Harness the Power of Data to Empower an Enterprise's Transformation Journey
Sumit Dhar Senior Vice President, Digital+ | Enquero – A Genpact Company, 0
To formulate a robust transformation strategy, the first step is to identify the current state including assessing the effects of this unconscious bias. Let’s look at some of the common paths we see in our work, and quickly assess the benefits and the risks associated with these common paths.
Usually, an enterprise starts with a belief that good quality data needs to be served first. Hence, the journey starts with a data lake. This involves retiring old data warehouses (DWHs), selecting new technology platforms, and relooking at data models (hierarchy, syndication). This further goes on to establishing data strategy (which and how much data), data quality (lineage, cleansing, and de-dupe), governance (policies, management, controls) and finally, serving to self-serve data marts and data stores. Best implementations also account for business process mappings or redesigning along with the data strategy. This journey is often underestimated, and hence, improperly prioritized based on effort and not based on functional priority, let alone business needs (use cases). All this results in changing gears, midway.
Even the most earnest of such implementations often leads to disillusionment for management teams and market facing functions, and they see no contri butions or return on investment (ROI) come in.
But this strategy has its benefits. The groundwork, if done well, leads to a scalable architecture for the analytics teams to start producing quality insights at speed and scale for an enterprise.
Market facing business functions often face the brunt of business models and/or competitive disruption while savvy leaders turn to data to navigate the uncertain future. Questions are framed and answered through data at a very fast pace and businesses strive to make progress through rapid experimentations. Speed is of essence in such environments, and technology and architectural decisions are made purely with time to live (TTL) and are subjected to frequent changes.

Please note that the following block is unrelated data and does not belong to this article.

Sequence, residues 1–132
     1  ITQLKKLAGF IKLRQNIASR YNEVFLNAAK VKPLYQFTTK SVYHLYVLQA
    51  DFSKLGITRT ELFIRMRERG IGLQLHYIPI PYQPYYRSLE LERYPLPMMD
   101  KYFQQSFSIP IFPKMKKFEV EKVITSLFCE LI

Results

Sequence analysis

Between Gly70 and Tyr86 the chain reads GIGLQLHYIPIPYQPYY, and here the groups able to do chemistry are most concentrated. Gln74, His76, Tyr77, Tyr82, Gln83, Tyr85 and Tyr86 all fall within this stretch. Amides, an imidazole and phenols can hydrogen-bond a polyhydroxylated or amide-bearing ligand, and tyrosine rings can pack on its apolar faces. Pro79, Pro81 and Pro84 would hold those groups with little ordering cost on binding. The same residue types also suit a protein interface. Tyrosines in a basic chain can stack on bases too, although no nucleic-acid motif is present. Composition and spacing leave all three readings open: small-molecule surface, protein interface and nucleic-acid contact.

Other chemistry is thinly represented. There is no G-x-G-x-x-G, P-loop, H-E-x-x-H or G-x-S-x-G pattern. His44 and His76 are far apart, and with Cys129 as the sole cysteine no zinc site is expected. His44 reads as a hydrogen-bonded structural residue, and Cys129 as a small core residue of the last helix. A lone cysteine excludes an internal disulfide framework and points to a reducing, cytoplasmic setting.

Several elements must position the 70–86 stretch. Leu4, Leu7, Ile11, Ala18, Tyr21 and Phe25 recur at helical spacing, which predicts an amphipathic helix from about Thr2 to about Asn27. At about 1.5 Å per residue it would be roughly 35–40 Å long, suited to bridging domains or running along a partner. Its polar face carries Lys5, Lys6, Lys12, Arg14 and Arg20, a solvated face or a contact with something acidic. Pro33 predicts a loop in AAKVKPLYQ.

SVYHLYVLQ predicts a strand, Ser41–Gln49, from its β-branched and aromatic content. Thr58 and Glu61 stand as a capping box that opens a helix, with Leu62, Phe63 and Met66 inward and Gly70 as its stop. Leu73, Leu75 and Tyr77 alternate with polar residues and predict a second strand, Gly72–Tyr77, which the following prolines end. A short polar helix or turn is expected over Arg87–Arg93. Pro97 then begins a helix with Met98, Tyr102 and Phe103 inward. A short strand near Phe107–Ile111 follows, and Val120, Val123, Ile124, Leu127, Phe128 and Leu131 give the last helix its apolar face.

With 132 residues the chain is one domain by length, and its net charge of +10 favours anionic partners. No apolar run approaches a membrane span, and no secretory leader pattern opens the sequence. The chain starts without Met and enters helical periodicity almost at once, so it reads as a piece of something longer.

Continuing this journey for long leads to frustration of
Such an approach with clear and quick wins brings enterprise wide confidence on benefits of data. It creates immediate tangible benefits for a business. However, at some point in time, a technology first approach needs to be adopted for a big technology infrastructure transformation.
In enterprises, where data organization is strongly aligned with corporate strategy, there is a bias to first achieve explain ability of business through data, and consequently, prioritize enterprise resources to top business levers again through data
3.Strategy Realization vs Functionled
We often say, in the world of data, that unless you ask the right question of your data, you are likely to get misguided. We call this ‘chocolates make clothes shrink’ syndrome. In enterprises, where data organization is strongly aligned with corporate strategy, there is a bias to first achieve explain ability of business through data, and consequently, prioritize enterprise resources to top business levers again through data.
Conversely, in enterprises where data organization is in a serving-mindset to the business, they tend to prioritize the loudest business functions over others. This leads to tech infrastructure, reporting, and analytical use case buildout with only the function in mind.
Needless to say, that complete transformation can only occur when strategy, business processes and technology and systems are fully aligned. Also, most enterprises though they may start at different stages of this full circle, will have a string or faint view of the circle. However, given the intensity, this full vision of the forest is often forgotten for the trees, both while building transformation strategy as well as while executing on it.
Speaking from experience, building a multi dimensional prioritization framework across functions with a topdown strategy realization is crucial before undertaking any kind of implementa tion.
In my opinion, these biases, through awareness and method, can be harnessed to assure greater success of a data organization.